Reply to Velleman
It is not true that companion animals, at any rate, cannot conceive of themselves as persisting individuals in any way. Companion animals certainly act as if they understand themselves as persisting individuals. For example, my cat Nekko’s constant meowing at me starting at 2:00 p.m., following me from room to room, and trying to lead me into the kitchen, all suggest that she has an anticipation at least of a near future in which I feed her. Self-oriented behaviors such as Nekko’s, which are directed at eliciting actions from human beings or from other animals, indicate an ability to anticipate and even plan for events (involving the animal herself) that have not yet occurred.
These behaviors are evidence that companion animals understand themselves to persist. An animal’s sense of herself as a persisting being may be shorter in duration than that of adult human beings. But in that sense, it may not be too different from the sense of herself as a persisting being that my three-year-old grandson has. Nekko’s sense of the future may extend, perhaps, to an anticipation of the next few hours. But once there, her sense then extends for another few hours. And so on. She has a series of overlapping senses of herself as a persisting being. Thus, Nekko is connected to her own future, probably not so differently from how a human toddler is connected to his future, and to that extent, Nekko is able to accumulate good moments.1
But even if (contrary to what interactions with companion animals seem to suggest) nonhuman animals do not and cannot conceive of themselves as persisting individuals even in this limited way, it is not clear how that putative fact is supposed to mean that depriving an animal of a longer succession of good moments is not harmful to the animal. What matters is not whether companion animals have a far-reaching sense of their future or an ongoing sense of selfcontinuity, but rather, whether they have a future at all, and what sort of future it is. As Steven Luper puts it, “It seems entirely reasonable to say a life that contains years of pleasure which an animal cannot recall is better for that animal than a life that contains only a few minutes of pleasure which the animal can recall, just as your life and mine are better for the pleasures we have forgotten” (2009, 164). Moreover, as Krister Bykvist points out, Velleman’s view implies, most implausibly, that we cannot say that a future full of terrible suffering is worse for an animal than a future of great pleasure (2014, 320).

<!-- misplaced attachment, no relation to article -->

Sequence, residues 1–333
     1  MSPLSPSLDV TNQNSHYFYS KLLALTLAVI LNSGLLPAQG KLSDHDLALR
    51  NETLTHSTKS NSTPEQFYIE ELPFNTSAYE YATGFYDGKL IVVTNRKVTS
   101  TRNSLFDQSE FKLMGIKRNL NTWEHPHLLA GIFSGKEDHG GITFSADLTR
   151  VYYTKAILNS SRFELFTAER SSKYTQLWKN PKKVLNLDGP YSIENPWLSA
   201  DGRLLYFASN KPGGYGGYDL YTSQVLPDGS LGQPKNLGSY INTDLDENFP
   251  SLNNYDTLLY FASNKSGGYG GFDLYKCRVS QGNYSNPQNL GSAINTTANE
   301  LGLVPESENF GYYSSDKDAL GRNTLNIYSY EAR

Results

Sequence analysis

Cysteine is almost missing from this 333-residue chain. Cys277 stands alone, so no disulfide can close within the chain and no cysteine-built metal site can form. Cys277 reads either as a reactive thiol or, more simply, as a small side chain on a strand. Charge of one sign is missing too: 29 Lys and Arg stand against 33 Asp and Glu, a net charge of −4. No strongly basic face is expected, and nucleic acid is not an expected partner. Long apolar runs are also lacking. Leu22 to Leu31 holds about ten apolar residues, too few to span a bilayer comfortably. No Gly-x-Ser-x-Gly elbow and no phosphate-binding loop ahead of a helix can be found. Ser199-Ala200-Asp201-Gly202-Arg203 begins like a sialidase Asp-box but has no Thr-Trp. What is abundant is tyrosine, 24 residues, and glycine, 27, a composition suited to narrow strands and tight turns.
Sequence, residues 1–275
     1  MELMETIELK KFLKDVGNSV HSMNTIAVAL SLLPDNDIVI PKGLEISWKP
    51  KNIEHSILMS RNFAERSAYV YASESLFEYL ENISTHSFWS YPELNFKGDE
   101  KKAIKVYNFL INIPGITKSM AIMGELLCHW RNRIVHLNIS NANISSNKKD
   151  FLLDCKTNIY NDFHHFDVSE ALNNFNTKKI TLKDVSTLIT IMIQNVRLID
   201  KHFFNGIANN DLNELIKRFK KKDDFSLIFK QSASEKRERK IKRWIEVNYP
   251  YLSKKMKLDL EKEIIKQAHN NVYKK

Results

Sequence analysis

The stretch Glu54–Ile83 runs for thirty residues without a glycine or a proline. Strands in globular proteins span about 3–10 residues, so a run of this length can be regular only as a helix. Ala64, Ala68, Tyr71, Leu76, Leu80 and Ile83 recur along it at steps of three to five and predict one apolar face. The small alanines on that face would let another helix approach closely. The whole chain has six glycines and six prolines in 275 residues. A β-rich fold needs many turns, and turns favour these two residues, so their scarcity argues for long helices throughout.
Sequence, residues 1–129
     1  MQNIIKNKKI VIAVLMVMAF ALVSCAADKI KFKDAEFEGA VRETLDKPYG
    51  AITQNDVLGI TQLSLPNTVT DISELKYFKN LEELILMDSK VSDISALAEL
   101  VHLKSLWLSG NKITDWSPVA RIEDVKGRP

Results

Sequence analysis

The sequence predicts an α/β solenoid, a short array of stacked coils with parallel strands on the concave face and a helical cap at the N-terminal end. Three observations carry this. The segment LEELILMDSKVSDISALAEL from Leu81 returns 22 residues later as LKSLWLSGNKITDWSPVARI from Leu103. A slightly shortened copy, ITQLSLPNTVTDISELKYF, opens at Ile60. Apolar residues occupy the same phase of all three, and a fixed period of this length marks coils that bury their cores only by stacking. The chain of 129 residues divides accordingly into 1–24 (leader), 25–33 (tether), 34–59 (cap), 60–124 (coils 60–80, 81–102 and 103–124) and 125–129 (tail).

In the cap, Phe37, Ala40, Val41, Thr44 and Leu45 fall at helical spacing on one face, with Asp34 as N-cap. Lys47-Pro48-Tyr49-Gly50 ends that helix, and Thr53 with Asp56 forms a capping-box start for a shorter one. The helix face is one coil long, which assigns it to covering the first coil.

It is hard to see why an animal’s “caring about” extended life must be the criterion for the badness of death. Velleman seems to be saying that, in order for any being to be harmed by her own death, that being must be capable of a kind of meta-judgment about her own life. She must not only be capable of enjoying life; she must also care about enjoying life. If “caring about” is an extra evaluation of one’s life, in addition to simply enjoying a succession of momentary goods, the question is why this extra evaluation is necessary in order to make the succession of moments good for the animal.
Alistair Norcross shows that having a preference for future existence does not necessarily add much even to human beings’ global wellbeing. For example, a person who never considers the future is almost as much benefited by having preventive dental treatment as a person who does anticipate her future. Each will enjoy increased wellbeing by taking steps to avoid future pain from dental problems (Norcross 2013, 468-69). Norcross also asks that we imagine two animals, each of whom has many desires. One of them, Charles, but not the other,
Harold, also desires to continue to exist. Charles’s desire for continued existence does not necessarily make his death qualitatively worse than Harold’s death; it would really depend on the extent and strength of Harold’s desires (Norcross 2013, 469-70). As Frederike Kaldewaij asks, “[I]s someone who just enjoys life as it comes harmed much less by death than someone who has his life completely planned out already?” (2008, 60). Surely the answer is no.
Indeed, companion animals may often enjoy their temporary pleasures— extended or not—even more than many human beings do. Companion animals greet each day anew (Overall 2003, 146-47). By this I mean that provided they are reasonably healthy and able-bodied, they take pleasure, often exuberant pleasure, in the activities of their ordinary lives, appreciating simple activities and pleasures over and over again, as if experienced fresh each time. Unlike adult human beings (but like infant and toddler human beings), companion animals do not seem to have a sense of the middle or distant future, which can be feared or dreaded, or of the past, which can be regretted or longed for. They live very fully in the present and close future, and are able to enjoy the same or similar activities—eating, playing, cuddling, or running—over and over again. For this reason it could be said that, compared to adult human beings’ enjoyment, the pleasures of the moment are, for companion animals, unalloyed and pure, and arguably for that reason even more valuable than (many) humans’ present moments, which are often contaminated with worries and fears about the future, or regrets and nostalgia for the past.2
When companion animals enjoy such activities and have prospects for a future in which they will have additional enjoyments, their lives are worthwhile, and death—the termination of their lives—is bad for them.